Scientists have not discovered a 9-pound version of an endangered Northern California fish called the delta smelt in Southern California lakes.
And the scientific study about this fictitious fish was just as unreal. It was part of an annual April Fool’s Day joke posted on a blog in 2013 by a group of scientists at the University of California at Davis.
I’m trying to snuff a budding San Joaquin Valley myth or rumor that, curiously enough, I unwittingly helped to spread. Here’s how it rolled out.
On Monday, The Bee published a letter from a reader who was taking me to task about a tiny fish, called the delta smelt. I had written a story about voluntary water cutbacks to protect the fish. I wrote that this smelt only lives in the Sacramento-San Joaquin River Delta.
Citing the study mentioned in the April Fool’s Day posting, the letter writer said I was wrong. The writer basically said the large smelt are living in three Southern California reservoirs – Pyramid, Castaic and Silverwood. The letter talks about pulling the smelt off the protected list of the U.S. Endangered Species Act.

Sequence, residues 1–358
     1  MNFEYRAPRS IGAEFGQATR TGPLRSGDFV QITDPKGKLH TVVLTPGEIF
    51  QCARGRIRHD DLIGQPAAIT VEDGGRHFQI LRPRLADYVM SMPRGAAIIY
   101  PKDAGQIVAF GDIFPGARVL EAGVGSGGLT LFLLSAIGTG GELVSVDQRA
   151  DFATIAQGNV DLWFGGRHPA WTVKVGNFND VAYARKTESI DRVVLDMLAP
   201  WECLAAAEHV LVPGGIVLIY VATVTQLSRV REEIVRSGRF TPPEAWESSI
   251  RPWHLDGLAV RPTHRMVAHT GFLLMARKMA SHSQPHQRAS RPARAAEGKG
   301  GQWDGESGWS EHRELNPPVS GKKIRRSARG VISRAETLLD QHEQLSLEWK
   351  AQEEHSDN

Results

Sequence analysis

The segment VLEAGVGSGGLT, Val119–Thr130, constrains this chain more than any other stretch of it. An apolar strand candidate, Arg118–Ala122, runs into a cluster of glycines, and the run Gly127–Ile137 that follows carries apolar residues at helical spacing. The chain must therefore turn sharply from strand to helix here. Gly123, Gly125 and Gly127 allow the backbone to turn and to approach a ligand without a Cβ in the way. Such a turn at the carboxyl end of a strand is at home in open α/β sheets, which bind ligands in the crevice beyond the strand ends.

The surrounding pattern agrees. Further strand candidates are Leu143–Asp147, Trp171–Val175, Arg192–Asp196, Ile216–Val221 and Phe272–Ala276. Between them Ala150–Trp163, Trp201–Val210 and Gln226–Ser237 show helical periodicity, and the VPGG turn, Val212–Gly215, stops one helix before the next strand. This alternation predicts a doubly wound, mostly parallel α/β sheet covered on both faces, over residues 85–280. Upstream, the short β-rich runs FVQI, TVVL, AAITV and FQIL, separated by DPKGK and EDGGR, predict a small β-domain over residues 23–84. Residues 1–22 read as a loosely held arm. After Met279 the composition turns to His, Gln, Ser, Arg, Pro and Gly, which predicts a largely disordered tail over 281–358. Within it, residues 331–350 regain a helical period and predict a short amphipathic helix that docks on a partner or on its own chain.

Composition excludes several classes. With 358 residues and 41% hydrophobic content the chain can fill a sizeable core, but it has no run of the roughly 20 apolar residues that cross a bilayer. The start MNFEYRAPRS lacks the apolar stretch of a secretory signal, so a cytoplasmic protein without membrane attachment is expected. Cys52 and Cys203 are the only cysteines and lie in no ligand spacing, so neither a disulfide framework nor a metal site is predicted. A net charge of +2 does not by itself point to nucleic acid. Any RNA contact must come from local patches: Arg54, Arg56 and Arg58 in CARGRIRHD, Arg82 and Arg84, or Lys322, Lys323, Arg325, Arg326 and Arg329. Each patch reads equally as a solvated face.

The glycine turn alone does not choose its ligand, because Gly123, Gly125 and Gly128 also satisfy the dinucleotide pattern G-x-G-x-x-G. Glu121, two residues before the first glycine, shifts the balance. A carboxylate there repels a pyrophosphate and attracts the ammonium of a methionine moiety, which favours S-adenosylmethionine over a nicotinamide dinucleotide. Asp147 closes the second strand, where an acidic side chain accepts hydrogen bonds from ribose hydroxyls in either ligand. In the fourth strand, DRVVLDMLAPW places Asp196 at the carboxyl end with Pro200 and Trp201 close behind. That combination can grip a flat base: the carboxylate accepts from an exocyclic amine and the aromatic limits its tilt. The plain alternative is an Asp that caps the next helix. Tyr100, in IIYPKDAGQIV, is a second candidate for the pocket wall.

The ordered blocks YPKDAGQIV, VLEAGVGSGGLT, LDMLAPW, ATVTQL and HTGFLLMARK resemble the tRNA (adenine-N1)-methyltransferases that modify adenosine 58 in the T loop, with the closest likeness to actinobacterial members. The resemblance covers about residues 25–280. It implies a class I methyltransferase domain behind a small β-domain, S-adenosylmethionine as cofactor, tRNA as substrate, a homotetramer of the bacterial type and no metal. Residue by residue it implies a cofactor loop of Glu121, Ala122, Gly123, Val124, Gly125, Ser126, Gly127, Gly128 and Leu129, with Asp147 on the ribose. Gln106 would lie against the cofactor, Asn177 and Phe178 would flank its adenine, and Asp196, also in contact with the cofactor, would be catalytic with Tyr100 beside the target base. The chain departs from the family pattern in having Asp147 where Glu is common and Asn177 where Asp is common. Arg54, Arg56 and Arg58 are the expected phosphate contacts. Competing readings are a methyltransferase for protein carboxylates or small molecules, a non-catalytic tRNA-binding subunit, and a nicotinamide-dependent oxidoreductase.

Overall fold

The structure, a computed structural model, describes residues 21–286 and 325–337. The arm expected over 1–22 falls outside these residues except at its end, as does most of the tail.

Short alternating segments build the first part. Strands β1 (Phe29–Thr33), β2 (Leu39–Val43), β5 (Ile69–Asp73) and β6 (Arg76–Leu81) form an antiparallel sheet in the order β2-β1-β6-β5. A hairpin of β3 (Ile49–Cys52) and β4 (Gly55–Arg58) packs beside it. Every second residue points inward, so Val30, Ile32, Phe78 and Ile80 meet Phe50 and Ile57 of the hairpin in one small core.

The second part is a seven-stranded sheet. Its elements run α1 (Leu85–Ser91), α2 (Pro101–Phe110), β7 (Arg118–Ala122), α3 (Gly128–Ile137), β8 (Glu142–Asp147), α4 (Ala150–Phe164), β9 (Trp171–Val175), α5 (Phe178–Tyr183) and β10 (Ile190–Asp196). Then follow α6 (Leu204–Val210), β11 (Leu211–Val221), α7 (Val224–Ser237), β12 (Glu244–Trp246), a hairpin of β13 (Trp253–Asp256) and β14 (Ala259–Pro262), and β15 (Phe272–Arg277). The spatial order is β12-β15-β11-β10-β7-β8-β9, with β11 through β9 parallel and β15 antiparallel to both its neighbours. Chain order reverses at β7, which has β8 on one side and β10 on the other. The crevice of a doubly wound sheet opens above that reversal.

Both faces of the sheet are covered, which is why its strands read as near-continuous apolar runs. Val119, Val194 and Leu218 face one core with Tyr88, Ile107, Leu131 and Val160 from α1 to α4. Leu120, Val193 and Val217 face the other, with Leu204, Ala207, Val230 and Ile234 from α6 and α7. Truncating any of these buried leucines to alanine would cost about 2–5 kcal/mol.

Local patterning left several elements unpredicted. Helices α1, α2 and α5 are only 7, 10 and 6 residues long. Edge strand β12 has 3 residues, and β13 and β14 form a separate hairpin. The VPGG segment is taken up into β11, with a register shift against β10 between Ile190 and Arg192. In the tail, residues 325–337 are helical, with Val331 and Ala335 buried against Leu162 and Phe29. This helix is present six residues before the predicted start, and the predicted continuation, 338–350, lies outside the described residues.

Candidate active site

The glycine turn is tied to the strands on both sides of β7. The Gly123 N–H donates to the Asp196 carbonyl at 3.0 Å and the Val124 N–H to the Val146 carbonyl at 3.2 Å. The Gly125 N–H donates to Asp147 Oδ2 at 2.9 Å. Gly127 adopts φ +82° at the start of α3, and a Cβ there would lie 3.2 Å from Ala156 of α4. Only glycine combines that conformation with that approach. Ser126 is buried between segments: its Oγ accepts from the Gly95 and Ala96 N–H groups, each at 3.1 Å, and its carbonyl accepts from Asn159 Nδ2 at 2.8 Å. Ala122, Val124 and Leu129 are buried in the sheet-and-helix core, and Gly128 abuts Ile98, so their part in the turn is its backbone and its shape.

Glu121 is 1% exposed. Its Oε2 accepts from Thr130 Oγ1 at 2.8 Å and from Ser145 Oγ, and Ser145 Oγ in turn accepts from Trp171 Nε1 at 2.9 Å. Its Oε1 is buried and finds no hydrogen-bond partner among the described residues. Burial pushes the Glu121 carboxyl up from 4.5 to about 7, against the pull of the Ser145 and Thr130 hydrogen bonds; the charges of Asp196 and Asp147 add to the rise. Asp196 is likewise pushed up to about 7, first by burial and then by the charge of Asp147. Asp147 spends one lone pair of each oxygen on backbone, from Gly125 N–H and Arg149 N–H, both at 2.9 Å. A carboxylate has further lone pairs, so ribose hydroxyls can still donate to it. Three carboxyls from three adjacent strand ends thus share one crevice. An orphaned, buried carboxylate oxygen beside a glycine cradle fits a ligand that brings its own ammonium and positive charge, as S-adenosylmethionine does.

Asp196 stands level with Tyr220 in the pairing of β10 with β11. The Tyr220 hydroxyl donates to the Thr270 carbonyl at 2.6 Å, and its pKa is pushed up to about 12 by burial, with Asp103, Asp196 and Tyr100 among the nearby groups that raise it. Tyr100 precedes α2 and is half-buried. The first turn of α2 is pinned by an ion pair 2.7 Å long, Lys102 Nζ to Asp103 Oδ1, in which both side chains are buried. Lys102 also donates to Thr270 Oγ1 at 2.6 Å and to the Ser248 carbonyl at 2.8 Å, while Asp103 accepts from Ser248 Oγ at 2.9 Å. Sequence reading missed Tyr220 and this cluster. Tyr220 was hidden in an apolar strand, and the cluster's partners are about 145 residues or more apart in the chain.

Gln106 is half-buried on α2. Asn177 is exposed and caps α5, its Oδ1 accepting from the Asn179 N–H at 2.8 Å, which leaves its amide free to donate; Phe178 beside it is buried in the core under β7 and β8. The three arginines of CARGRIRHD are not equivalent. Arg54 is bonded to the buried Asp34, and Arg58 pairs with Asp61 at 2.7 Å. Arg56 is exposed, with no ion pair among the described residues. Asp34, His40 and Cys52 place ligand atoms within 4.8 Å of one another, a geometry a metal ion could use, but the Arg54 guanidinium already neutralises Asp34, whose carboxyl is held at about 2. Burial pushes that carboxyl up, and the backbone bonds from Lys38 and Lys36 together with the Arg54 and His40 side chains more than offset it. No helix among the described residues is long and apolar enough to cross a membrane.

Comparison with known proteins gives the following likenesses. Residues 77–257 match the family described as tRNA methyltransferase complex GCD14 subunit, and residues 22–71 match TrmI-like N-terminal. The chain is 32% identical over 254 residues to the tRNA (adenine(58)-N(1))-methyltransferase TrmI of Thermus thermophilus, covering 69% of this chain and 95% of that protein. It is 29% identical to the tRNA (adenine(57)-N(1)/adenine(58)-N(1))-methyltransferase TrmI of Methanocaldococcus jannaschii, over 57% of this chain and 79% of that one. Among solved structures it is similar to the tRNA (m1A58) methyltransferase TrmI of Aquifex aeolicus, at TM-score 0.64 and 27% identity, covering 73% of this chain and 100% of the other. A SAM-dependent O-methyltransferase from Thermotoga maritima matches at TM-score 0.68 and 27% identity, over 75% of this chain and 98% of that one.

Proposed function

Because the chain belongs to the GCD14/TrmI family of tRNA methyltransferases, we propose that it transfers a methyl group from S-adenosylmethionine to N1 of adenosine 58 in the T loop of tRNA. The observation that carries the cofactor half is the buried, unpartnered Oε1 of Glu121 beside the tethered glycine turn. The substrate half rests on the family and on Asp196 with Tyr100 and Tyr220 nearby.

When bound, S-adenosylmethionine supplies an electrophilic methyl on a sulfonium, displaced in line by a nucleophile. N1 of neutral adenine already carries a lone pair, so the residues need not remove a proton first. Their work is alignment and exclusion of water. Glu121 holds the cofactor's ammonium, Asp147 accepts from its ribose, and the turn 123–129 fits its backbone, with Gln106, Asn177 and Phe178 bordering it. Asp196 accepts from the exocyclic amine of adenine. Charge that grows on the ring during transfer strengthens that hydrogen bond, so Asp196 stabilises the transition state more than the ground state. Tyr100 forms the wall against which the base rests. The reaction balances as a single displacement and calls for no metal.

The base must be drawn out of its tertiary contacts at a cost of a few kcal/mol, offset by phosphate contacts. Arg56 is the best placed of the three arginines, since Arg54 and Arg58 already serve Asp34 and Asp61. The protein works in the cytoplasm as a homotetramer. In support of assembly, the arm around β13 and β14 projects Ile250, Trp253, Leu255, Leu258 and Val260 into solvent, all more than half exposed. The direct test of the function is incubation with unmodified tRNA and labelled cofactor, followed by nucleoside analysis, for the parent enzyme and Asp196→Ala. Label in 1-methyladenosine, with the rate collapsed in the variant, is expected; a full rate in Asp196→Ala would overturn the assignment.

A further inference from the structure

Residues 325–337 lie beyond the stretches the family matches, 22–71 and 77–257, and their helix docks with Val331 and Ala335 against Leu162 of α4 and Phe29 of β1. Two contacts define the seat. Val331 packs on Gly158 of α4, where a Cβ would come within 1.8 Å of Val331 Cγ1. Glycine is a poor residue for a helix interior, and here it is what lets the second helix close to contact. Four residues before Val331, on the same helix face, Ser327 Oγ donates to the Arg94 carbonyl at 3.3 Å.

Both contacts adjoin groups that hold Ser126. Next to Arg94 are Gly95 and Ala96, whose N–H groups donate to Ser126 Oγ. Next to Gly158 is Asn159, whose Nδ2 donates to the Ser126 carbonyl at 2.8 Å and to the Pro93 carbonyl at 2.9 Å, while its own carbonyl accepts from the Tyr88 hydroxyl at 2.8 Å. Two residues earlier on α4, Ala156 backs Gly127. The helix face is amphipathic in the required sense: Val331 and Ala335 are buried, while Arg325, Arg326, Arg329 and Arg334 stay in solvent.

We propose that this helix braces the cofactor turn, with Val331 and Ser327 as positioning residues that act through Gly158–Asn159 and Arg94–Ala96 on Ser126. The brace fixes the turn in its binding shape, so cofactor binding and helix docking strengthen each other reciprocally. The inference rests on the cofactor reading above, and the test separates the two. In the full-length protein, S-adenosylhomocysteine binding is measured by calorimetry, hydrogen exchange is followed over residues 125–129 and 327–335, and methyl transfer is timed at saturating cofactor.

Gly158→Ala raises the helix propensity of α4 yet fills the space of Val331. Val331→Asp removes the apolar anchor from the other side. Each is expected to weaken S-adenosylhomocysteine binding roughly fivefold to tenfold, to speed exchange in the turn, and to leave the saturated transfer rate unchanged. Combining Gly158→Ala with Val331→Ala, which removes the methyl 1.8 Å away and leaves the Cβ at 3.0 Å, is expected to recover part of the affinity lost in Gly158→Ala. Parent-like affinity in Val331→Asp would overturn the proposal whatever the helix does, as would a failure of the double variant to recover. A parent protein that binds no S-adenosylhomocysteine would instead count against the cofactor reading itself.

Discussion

Then readers began commenting on it, as though it was real.
As California water issues go, the delta smelt is no joke around the Valley. Delta water pumping supplies a multibillion-dollar farm industry here. When the pumping is slowed to protect this dying fish species, it costs farmers, farmworkers and the economy as a whole.
Scientists take the issue seriously, too. As the populations of smelt and other fish decline, so does the ecological health of the delta. Their April Fool’s Day posting was not intended to light up another argument about this fish, though it turns out the light moment was badly misunderstood. When people here read a blog post like this, it’s hard to look for humor.
Back to The Bee. How did the letter get into print? The editor who received the letter last week had asked me about UC Davis posting on the school’s California WaterBlog.
I read the blog and laughed, thinking he understood the joke. I should have pointed out the April 1 date and the obviously doctored photographs showing a scientist and a dog holding this huge delta smelt. There was room for misunderstanding, and I didn’t realize it.
This morning, UC Davis biologist Peter Moyle, a well-known and respected scientist who studies California fish, told me there needs to be a systematic study of Central California fishes in Southern California reservoirs.
He said some Northern California fishes have established populations in Southern California reservoirs. They include tule perch, hitch, prickly sculpin and Sacramento blackfish. The fish have made their way south through California’s extensive water pumping and canals.
But the delta smelt has not colonized Southern California reservoirs, he said.